The nearest I found to an actual documented objection was someone wanting to tweak the Potsdam Declaration:

            On June 28, 1945, a memorandum written by Bard the previous day was given to Sec. of War Henry Stimson. It stated, in part:

            "Following the three-power [July 1945 Potsdam] conference emissaries from this country could contact representatives from Japan somewhere on the China Coast and make representations with regard to Russia's position [they were about to declare war on Japan] and at the same time give them some information regarding the proposed use of atomic power, together with whatever assurances the President might care to make with regard to the [retention of the] Emperor of Japan and the treatment of the Japanese nation following unconditional surrender. It seems quite possible to me that this presents the opportunity which the Japanese are looking for.

            "I don't see that we have anything in particular to lose in following such a program." He concluded the memorandum by noting, "The only way to find out is to try it out."

            And even there he wanted to use the threat of the atomic bomb.

            This book doubts Eisenhower's version of events. Evidently Stimson and Eisenhower only talked twice during Stimson's trip, and Stimson's notes on the two meetings do not record the topic of the bomb being raised at all, let alone that Eisenhower objected strongly.

            I'm on a mission! Testing the new site rules.

            by blue aardvark on Wed Dec 04, 2013 at 12:41:38 PM PST

            [ Parent ]

        •  hmm, maybe Truman's war experience (0+ / 0-)

          made him think he would avoid invasion at all costs.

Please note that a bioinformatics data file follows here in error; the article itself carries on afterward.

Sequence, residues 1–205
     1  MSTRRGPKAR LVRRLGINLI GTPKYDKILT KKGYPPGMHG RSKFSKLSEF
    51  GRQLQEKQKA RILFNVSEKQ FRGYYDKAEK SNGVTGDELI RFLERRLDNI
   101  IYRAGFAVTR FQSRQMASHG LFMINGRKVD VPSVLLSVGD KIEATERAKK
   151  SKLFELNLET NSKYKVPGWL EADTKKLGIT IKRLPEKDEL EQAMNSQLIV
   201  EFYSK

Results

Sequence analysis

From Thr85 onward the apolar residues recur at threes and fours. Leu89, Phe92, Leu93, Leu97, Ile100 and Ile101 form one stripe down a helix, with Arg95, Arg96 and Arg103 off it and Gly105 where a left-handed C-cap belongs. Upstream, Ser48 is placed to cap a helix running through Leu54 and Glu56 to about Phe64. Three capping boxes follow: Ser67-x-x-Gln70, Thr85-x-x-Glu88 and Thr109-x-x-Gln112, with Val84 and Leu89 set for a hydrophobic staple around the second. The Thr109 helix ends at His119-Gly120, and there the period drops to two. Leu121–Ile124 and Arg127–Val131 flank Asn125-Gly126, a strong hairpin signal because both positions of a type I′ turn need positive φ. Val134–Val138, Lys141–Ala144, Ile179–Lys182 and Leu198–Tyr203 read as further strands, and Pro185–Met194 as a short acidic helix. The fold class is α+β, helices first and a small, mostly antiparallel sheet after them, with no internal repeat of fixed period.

Nonetheless, the argument for the bomb was to take away the Japanese "will to fight," so it was designed to terrorize -- and not just the Japanese but the Russians, too.  Growing up in a post-war world, I wouldn't think of the Japanese the way Truman might have, as needing to be shocked into submission and unable to surrender even if the ability to fight had been taken away thru even conventional bombing.  

          The problem i have with the atomic bomb decision wasn't the cold numerical calculation, but my belief that had Japan been European, Truman still wouldn't have done it even if he knew an invasion might cost 100,000 lives.

          Difficult, difficult, lemon difficult.

          by Loge on Wed Dec 04, 2013 at 12:19:43 PM PST

          [ Parent ]

          •  Would Truman have nuked Bremen? (0+ / 0-)

            I don't know ... but considering what happened to Dresden, I think he might have.

            A nuke is a terrible thing, but hundreds of bombers unloading incendiary bombs on a populated city (Dresden, Tokyo) is likewise terrible.

            I'm on a mission! Testing the new site rules.

            by blue aardvark on Wed Dec 04, 2013 at 12:30:11 PM PST

            [ Parent ]

Subscribe or Donate to support Daily Kos.

Click here for the mobile view of the site